Are we not constituted to hate so as to want to eradicate the person who has raped and murdered our child, since his removal from existence is consistent with the upkeep and conservation of a healthy and thriving gene pool? In such a seemingly open and shut case, the desire to remove is so insistent we don’t apologize for it—nor is an apology expected. Nonetheless, we allow for the fact that the laws that vary from one country to another may arbitrarily describe the removal process as an act of vengeance at one end of the scale, or justice at the other. As civilization advances, we devolve the execution of Nature’s instinctive response to capital crime to institutions that have been evolved for that purpose, the result of which invariably satisfies polite society but rarely the parents whose child has been taken away, whose hatred will only and gradually subside with the passage of time. But for the jealous man who comes to hate his wife for having an affair, and either by his own hand or hired hand eliminates the cause of his hatred, he will be immediately rewarded—physiologically and psychologically—in a manner that dwarfs the consolations offered by civil society and its institutions (the long and drawn out judicial process). The failure to recognize how easily we, as a species, are moved to relieve ourselves of the things and activities that give us cause to hate leaves us perilously impervious to the culture of law and order that distinguishes mankind from the lower orders.
Despite our practised abhorrence of all activity associated with genocide—acts committed with intent to destroy, in whole or in part, a national, racial or religious group—its historical expression has been more frequent than granted in part because the institutions dedicated to its prevention have not sufficiently understood the workings of human nature. Without exception, when one group comes to harbour hatred of another, human nature predicts that the former will at a minimum desire the elimination of the latter. What encourages the hating group to carry out the deed – and the world to sometimes turn a blind eye—is the biological disposition (the reward system) of the hater to be relieved of his hatred. It is the same sequence of genes operating when Tribe A, with only enough food and water for itself, is threatened by Tribe B, for whom that same food and water mean the difference between life and death. But when Tribe A wipes Tribe B off the map for all time, we don’t call it genocide but survival of the fittest.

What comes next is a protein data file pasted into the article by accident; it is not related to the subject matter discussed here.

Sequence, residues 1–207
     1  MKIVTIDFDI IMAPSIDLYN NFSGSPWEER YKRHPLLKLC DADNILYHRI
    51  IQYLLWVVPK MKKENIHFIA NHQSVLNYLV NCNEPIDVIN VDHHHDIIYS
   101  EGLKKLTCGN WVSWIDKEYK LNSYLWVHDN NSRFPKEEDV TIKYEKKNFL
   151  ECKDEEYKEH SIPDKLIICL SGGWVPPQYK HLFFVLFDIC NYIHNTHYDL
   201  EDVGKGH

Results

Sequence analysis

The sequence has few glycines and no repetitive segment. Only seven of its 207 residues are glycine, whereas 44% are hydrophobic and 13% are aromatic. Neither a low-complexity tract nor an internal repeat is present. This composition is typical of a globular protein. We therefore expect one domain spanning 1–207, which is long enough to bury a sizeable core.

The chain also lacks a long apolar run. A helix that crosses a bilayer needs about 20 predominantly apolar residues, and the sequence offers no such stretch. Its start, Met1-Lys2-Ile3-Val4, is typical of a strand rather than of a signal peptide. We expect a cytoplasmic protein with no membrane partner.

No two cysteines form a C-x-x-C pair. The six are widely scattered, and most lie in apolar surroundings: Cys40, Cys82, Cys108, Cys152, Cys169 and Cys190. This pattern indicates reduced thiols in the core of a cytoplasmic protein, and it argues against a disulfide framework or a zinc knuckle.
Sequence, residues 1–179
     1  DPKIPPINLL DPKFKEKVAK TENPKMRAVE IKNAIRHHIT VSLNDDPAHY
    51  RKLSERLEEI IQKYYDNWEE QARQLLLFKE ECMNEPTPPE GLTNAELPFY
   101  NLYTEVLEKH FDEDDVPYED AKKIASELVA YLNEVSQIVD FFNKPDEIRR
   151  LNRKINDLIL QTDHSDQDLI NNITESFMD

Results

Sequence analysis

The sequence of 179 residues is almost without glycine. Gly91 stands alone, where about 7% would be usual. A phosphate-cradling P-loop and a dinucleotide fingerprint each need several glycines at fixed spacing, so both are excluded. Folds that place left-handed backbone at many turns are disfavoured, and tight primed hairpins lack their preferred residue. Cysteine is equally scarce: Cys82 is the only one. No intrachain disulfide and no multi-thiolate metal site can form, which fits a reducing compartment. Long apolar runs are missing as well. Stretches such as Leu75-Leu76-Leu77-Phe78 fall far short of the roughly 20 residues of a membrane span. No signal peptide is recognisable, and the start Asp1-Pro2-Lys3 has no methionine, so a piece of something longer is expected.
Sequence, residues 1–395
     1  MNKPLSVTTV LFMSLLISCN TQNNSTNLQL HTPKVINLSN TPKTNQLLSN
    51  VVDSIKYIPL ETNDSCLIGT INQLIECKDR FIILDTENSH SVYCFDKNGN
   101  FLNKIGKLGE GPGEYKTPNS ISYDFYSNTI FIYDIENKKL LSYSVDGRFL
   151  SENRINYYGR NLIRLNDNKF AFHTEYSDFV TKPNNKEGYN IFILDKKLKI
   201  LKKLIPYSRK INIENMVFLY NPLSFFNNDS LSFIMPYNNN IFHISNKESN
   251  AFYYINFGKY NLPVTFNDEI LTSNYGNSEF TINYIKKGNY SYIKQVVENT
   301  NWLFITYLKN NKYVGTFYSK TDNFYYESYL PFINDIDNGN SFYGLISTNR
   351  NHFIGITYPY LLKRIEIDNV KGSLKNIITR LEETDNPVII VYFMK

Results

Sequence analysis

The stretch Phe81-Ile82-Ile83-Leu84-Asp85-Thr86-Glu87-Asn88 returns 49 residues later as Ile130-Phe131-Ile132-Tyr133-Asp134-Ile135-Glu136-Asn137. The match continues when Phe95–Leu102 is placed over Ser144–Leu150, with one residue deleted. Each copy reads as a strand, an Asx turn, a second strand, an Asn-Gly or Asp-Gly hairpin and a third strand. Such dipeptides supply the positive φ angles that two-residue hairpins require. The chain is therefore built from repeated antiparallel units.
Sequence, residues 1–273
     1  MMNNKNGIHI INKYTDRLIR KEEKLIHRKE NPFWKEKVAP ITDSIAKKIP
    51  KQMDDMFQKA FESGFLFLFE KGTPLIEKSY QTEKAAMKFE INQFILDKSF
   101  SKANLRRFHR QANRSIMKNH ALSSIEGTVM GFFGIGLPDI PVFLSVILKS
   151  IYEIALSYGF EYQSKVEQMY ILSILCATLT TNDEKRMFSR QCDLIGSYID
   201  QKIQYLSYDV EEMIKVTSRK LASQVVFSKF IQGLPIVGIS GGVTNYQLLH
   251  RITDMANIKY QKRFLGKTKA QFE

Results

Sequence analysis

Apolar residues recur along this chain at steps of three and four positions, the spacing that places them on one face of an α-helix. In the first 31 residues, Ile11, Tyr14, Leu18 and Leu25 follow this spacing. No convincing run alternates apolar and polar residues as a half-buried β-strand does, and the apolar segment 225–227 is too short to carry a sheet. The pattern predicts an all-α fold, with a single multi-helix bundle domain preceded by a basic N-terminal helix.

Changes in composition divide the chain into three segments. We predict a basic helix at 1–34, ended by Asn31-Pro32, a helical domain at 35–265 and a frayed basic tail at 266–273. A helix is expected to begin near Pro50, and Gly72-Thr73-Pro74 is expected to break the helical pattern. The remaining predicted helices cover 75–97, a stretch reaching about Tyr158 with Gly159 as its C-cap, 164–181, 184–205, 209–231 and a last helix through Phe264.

Since there is no escaping the DNA-fixed modalities of love and hate that continue to underwrite in dry pages the blood-soaked pageant of human history, what remains as an option is the decision to seize upon what is contingent in that one-sided contest that overwhelmingly favours human nature, so we can at least provisionally call into question the manner and degree in which love and hate operate through us. We can’t change the chemistry of love and hate, but we can prepare for a more civilized, reason-based outcome if we come to understand that what we love and hate, upon closer inspection, might be the loves and hates of individuals more forceful than ourselves, or those a society or institution has imposed on us for its own ends.
When it comes to love and hate, the challenge of every individual over the course of a lifetime is to author his own values.
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Robert Lewis was born in Moose Jaw, Saskatchewan. He has been published in The Spectator. He is also a guitarist who composes in the Alt-Classical style. You can listen here.